Objectives The Outcome Measures in Rheumatology Initiative established the Contextual Factors Working Group to guide the understanding, identification and handling of contextual factors for clinical trials. In clinical research, different uses of the term ‘contextual factors’ exist. This study explores the perspectives of researchers (including clinicians) and patients in defining 'contextual factor’ and its related terminology, identifying such factors and accounting for them in trials across rheumatology.

Methods We conducted individual semistructured interviews with researchers (including clinicians) who have experience within the field of contextual factors in clinical trials or other potentially relevant areas, and small focus group interviews with patients with rheumatic conditions. We transcribed the interviews and applied qualitative content analysis.

Results We interviewed 12 researchers and 7 patients. Researcher's and patient's descriptions of contextual factors were categorised into two broad themes, each comprising two contextual factors types. The ‘treatment effect’ theme focused on factors explaining variations in treatment effects (A) among patients and (B) among studies. The ‘outcome measurement’ theme focused on factors that explain (C) variations in the measurement result itself (apart from actual changes/differences in the outcome) and (D) variations in the outcome itself (beside treatment of interest). Methods for identifying and handling contextual factors differed among these themes and types.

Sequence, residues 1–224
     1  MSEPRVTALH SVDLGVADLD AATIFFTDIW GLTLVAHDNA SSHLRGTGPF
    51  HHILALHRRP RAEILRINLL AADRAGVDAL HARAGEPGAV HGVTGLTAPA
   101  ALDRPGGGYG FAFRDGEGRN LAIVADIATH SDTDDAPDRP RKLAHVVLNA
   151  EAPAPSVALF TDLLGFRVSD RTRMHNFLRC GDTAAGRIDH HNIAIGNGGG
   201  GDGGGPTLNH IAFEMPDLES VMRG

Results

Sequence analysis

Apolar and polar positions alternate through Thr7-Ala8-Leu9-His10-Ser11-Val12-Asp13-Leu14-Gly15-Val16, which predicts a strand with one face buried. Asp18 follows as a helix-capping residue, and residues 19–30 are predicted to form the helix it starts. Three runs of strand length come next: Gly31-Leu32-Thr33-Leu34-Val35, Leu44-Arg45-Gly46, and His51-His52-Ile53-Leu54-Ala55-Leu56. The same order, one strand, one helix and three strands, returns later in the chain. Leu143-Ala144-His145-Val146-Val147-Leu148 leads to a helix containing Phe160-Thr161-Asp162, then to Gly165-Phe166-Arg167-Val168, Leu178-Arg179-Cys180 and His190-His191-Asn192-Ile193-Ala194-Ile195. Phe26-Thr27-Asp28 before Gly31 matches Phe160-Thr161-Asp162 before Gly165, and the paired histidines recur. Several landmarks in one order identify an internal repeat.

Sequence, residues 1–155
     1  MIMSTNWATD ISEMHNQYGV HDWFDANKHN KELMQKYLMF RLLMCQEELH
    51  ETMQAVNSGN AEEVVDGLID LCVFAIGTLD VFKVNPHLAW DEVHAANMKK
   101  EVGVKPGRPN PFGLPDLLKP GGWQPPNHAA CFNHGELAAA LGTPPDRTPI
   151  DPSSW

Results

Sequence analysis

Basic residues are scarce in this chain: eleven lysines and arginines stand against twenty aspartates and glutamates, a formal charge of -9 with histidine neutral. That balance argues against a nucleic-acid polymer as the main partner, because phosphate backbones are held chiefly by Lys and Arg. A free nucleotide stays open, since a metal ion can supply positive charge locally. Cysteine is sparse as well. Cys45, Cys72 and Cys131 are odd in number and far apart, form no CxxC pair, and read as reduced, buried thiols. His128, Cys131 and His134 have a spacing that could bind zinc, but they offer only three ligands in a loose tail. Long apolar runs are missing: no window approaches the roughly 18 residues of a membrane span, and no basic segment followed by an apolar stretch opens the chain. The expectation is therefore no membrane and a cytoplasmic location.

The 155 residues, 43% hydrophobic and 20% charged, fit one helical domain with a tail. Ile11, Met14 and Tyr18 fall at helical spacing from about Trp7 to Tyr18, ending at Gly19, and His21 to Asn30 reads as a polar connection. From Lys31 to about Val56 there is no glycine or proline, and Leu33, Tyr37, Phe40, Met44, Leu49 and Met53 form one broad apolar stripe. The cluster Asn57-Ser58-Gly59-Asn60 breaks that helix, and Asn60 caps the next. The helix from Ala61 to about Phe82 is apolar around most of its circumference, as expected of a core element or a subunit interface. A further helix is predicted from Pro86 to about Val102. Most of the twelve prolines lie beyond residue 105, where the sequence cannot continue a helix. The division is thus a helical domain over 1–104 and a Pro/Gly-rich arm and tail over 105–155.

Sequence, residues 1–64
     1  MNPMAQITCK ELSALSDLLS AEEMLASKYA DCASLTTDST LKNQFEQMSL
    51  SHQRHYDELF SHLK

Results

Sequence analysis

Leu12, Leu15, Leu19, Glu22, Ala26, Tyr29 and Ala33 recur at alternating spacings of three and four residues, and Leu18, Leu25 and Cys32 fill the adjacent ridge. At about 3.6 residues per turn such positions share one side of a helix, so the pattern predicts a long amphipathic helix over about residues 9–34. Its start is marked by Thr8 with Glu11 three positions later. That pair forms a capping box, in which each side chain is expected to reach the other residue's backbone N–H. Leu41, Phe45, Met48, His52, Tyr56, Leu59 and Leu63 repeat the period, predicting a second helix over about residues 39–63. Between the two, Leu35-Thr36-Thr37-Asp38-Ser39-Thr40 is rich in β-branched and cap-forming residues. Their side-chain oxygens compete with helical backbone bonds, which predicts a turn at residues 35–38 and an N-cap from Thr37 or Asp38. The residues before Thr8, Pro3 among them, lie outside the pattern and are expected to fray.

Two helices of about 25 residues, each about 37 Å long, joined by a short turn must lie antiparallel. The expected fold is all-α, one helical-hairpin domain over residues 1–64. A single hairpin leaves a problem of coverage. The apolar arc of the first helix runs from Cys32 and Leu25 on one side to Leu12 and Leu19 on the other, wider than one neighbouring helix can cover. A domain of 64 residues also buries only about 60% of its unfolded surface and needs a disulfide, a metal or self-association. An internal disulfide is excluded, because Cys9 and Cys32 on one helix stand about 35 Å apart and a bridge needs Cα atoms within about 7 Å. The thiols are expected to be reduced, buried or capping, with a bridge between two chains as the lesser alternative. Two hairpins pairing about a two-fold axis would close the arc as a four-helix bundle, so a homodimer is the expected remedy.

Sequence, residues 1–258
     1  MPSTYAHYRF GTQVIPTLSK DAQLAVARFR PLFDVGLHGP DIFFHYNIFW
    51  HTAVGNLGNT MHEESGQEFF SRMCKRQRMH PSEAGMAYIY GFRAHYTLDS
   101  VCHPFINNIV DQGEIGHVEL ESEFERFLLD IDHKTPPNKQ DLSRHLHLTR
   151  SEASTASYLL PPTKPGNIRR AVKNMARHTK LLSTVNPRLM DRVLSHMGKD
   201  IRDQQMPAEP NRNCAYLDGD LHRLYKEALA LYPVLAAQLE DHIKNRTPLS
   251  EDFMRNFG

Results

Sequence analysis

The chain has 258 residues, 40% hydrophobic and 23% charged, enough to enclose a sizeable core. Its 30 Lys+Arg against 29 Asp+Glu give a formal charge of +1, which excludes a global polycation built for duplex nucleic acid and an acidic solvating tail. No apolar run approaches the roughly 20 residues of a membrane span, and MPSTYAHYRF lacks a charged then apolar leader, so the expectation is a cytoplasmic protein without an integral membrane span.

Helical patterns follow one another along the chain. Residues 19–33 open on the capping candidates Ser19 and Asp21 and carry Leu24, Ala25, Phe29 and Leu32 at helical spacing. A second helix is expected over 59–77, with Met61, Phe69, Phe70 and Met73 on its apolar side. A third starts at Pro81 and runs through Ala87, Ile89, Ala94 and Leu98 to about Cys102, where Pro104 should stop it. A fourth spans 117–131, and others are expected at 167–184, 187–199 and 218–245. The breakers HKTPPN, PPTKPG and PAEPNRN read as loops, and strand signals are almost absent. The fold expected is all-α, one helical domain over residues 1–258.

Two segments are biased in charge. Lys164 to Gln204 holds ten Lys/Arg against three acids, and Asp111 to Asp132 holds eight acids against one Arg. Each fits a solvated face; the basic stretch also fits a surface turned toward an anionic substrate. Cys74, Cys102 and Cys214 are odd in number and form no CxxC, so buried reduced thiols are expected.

Conclusions Two main themes for contextual factors with four types of contextual factors were identified based on input from researchers and patients. This will guide operationalisation of contextual factors. Further research should refine our findings and establish consensus among relevant stakeholders.

  • outcome assessment
  • health care
  • patient reported outcome measures
  • qualitative research
  • arthritis

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  • Handling editor David S Pisetsky

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  • Contributors RC and SMN conceived the study and developed the protocol. SMN collected the data, supported by TW and CF. SMN did the analysis and interpreted the results, supported by MR. SMN drafted the manuscript. All authors critically revised the manuscript for important intellectual content and approved the final version of the manuscript. RC, TE and SMN obtained funding. SMN and RC are the guarantors.

  • Funding The Parker Institute is grateful for the financial support received from public and private foundations, companies and private individuals over the years. The Parker Institute, Bispebjerg and Frederiksberg Hospital is supported by a core grant from the Oak Foundation (OCAY-18-774-OFIL); The Oak Foundation is a group of philanthropic organisations that, since its establishment in 1983, has given grants to not-for-profit organisations around the world. SMN has received PhD Scholarships from the Faculty of Health Sciences, University of Southern Denmark, and Odense University Hospital, and an introductory scholarship from the BFH Research Foundation. The corresponding author had full access to all data of the study and had final responsibility for the decision to submit for publication.

  • Disclaimer The funders had no role in the study design, data collection, data analysis, data interpretation, or writing of the report.